Saturday, November 10, 2018

DNF Mini Audiobook Review: The Haunted Forest Tour by James A. Moore & Jeff Strand

Title: The Haunted Forest Tour
Authors: James A. Moore & Jeff Strand
Publication Date: September 26, 2017
Publisher: Createspace
Pages: 378
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Ladies and gentlemen, welcome to the Haunted Forest Tour! Sit back and enjoy a smooth ride in air-conditioned comfort as your heavily armored tram takes you through nature's most astonishing creation. The forest is packed to capacity with dangerous and terrifying creatures of all shapes, sizes, and hunger levels, and you'll get to observe these wonders in complete safety.

Howl with a werewolf! Gaze into the glowing eyes of a giant spider! Look right through a spooky ghost! See horrific monsters you couldn't even imagine, only inches away from you! Things with fangs, things with claws, things with dripping red jaws -- you'll see them all!

Not thrilling enough? Well, it's Halloween, and so we're offering a very special tour through the Haunted Forest. The new route goes deeper into the woods than any civilians have ventured before, and you're guaranteed to get a good scare! Rest assured that every possible security precaution has been taken. The Haunted Forest Tour has a 100% safety record, and technical difficulties are unheard of. You will be in no danger whatsoever.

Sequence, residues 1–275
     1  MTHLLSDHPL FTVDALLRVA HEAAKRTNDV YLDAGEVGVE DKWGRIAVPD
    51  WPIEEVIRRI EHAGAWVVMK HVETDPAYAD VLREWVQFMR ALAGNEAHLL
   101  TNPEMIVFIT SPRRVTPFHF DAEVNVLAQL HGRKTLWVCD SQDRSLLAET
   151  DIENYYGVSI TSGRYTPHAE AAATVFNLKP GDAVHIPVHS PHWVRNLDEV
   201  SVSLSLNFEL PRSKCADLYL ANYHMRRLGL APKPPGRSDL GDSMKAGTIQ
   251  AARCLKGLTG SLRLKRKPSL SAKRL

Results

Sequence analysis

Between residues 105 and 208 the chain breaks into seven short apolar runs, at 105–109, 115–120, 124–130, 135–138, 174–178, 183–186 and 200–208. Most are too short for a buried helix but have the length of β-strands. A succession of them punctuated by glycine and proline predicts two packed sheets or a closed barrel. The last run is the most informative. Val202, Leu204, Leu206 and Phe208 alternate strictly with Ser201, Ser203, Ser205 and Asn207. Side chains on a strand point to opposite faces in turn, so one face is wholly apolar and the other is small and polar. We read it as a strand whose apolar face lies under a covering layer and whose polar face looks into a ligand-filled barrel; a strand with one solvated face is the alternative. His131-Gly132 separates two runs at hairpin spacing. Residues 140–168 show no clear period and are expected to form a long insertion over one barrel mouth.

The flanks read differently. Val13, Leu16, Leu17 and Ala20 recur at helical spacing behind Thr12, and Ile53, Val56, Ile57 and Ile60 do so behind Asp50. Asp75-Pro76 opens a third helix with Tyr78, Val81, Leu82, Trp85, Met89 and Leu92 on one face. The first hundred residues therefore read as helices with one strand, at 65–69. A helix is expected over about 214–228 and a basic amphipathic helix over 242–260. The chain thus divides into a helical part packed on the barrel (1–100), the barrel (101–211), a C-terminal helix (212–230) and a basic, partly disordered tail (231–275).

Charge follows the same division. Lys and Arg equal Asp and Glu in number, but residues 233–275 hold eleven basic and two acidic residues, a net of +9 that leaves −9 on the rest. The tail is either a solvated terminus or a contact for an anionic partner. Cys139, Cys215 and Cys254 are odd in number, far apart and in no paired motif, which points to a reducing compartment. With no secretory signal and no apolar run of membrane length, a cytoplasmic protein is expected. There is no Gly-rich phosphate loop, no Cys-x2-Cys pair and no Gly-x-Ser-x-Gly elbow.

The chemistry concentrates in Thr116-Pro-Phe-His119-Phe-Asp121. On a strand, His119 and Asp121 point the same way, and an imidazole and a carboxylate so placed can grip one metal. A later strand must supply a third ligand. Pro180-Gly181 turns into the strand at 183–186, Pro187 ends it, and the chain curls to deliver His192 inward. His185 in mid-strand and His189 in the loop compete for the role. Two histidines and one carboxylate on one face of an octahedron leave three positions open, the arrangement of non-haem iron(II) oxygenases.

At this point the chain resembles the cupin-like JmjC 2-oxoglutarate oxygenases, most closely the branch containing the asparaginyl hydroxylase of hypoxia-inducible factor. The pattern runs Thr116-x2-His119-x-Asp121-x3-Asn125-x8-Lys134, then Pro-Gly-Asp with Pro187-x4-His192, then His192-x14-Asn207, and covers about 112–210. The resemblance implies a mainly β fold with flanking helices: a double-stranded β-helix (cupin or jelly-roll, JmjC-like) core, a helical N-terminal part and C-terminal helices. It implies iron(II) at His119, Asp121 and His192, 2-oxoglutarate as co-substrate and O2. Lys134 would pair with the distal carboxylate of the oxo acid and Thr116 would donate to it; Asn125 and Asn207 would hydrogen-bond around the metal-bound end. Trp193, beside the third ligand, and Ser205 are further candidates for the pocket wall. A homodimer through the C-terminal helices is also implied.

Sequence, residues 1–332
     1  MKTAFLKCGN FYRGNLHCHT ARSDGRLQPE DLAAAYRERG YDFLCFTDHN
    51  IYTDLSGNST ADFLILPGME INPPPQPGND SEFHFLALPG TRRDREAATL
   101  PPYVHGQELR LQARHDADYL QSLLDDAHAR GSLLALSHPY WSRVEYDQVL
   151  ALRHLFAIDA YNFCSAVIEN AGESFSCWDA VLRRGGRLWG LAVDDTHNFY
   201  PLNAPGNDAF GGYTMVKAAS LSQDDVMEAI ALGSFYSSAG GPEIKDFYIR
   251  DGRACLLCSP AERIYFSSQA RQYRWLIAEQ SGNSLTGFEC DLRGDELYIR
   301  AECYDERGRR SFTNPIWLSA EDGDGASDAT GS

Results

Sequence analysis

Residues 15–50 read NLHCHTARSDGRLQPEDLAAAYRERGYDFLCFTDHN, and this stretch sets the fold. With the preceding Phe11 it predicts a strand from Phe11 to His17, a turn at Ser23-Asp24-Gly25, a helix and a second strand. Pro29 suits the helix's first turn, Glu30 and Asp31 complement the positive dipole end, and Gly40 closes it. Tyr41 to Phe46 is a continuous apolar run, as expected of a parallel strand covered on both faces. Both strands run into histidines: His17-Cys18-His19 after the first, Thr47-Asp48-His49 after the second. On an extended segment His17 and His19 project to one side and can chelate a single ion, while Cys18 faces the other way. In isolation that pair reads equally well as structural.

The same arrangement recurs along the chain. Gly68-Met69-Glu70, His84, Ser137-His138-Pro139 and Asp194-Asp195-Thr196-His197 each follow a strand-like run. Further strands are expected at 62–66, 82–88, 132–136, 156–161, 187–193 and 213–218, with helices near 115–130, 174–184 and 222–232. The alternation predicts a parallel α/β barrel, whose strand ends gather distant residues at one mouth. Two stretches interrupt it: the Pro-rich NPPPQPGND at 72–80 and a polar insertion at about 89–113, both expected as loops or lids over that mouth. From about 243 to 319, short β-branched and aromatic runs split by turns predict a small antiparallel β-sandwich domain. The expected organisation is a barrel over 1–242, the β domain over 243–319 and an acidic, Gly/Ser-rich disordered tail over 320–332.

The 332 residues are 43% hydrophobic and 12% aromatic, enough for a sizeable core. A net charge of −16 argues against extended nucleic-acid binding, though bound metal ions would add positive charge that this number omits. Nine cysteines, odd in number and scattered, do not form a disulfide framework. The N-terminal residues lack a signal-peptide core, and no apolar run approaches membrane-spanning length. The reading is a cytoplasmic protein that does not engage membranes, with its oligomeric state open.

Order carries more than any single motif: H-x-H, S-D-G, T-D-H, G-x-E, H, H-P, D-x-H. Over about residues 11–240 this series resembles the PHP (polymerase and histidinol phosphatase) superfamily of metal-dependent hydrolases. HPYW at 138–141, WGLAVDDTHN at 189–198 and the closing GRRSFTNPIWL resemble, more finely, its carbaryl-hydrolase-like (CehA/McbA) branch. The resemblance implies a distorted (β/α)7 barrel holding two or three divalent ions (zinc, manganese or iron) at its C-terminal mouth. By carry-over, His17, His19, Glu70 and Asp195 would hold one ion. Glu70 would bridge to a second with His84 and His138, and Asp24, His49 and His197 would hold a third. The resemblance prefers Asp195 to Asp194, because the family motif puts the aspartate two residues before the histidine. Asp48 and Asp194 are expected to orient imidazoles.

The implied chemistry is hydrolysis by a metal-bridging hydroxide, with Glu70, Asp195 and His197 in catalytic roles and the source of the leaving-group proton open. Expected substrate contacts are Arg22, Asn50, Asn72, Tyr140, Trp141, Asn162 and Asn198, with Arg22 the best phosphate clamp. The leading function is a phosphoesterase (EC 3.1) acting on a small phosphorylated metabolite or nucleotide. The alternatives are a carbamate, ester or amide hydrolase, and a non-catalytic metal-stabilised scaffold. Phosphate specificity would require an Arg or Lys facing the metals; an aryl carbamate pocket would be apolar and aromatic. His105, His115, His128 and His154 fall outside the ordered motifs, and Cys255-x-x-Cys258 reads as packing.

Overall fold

We promise. 

I started reading The Haunted Forest Tour as part of Fraterfest this year, but ended up not completing it, so it carried over after the read-a-thon. Unfortunately taking extra time to battle through it didn't help very much.

This book is about a forest and really that's about all. It definitely isn't about the characters. I made it 40% in and I honestly couldn't tell you the name of a single one of them. The action begins on the first page and the initial sequence is fascinating! I truly wish we'd gotten to stay in the creation of the forest much longer. Instead, the book jumps to the tour and from there it feels a bit Jurassic Park, but without the tension.

In Jurassic Park, we knew the characters and came to care about what happened to them. When the cars die in the forest of The Haunted Forest Tour and monsters come out of the woodwork, it's very difficult to feel any kind of way about the characters who die. I'm not sure what happens later in the book, but at the point where I gave up, there had been a lot of running and monster kills and very little emotion.

I'm sure there was a great idea here and it's possible that it was better after the 40% mark, but I just couldn't care any less about the characters or what happened to them. A book can have tons of action, but without any attachment to the characters, it's a whole lot of nothing.